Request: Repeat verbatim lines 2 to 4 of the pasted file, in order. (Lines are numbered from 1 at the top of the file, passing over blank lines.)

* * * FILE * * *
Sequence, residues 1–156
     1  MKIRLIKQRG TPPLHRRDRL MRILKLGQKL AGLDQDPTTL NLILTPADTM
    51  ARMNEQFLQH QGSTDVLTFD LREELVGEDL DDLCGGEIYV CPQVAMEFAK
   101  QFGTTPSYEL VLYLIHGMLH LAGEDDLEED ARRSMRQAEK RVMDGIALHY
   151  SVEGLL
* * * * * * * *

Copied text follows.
     1  MKIRLIKQRG TPPLHRRDRL MRILKLGQKL AGLDQDPTTL NLILTPADTM
    51  ARMNEQFLQH QGSTDVLTFD LREELVGEDL DDLCGGEIYV CPQVAMEFAK
   101  QFGTTPSYEL VLYLIHGMLH LAGEDDLEED ARRSMRQAEK RVMDGIALHY